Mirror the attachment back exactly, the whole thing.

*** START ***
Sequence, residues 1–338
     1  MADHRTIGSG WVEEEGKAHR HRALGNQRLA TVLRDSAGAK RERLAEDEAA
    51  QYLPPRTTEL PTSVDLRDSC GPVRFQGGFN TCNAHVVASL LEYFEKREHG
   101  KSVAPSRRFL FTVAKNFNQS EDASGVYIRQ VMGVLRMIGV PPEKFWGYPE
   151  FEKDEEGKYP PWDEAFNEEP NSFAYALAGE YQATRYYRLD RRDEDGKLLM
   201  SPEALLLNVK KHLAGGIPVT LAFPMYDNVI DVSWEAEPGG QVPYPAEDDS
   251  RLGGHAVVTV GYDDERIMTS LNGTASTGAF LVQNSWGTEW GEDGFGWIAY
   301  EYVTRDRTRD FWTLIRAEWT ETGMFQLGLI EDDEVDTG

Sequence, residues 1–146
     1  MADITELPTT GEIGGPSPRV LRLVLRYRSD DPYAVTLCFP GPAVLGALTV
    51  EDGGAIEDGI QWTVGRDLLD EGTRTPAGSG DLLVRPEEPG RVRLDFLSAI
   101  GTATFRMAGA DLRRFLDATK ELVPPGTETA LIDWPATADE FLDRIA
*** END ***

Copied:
Sequence, residues 1–338
     1  MADHRTIGSG WVEEEGKAHR HRALGNQRLA TVLRDSAGAK RERLAEDEAA
    51  QYLPPRTTEL PTSVDLRDSC GPVRFQGGFN TCNAHVVASL LEYFEKREHG
   101  KSVAPSRRFL FTVAKNFNQS EDASGVYIRQ VMGVLRMIGV PPEKFWGYPE
   151  FEKDEEGKYP PWDEAFNEEP NSFAYALAGE YQATRYYRLD RRDEDGKLLM
   201  SPEALLLNVK KHLAGGIPVT LAFPMYDNVI DVSWEAEPGG QVPYPAEDDS
   251  RLGGHAVVTV GYDDERIMTS LNGTASTGAF LVQNSWGTEW GEDGFGWIAY
   301  EYVTRDRTRD FWTLIRAEWT ETGMFQLGLI EDDEVDTG

Sequence, residues 1–146
     1  MADITELPTT GEIGGPSPRV LRLVLRYRSD DPYAVTLCFP GPAVLGALTV
    51  EDGGAIEDGI QWTVGRDLLD EGTRTPAGSG DLLVRPEEPG RVRLDFLSAI
   101  GTATFRMAGA DLRRFLDATK ELVPPGTETA LIDWPATADE FLDRIA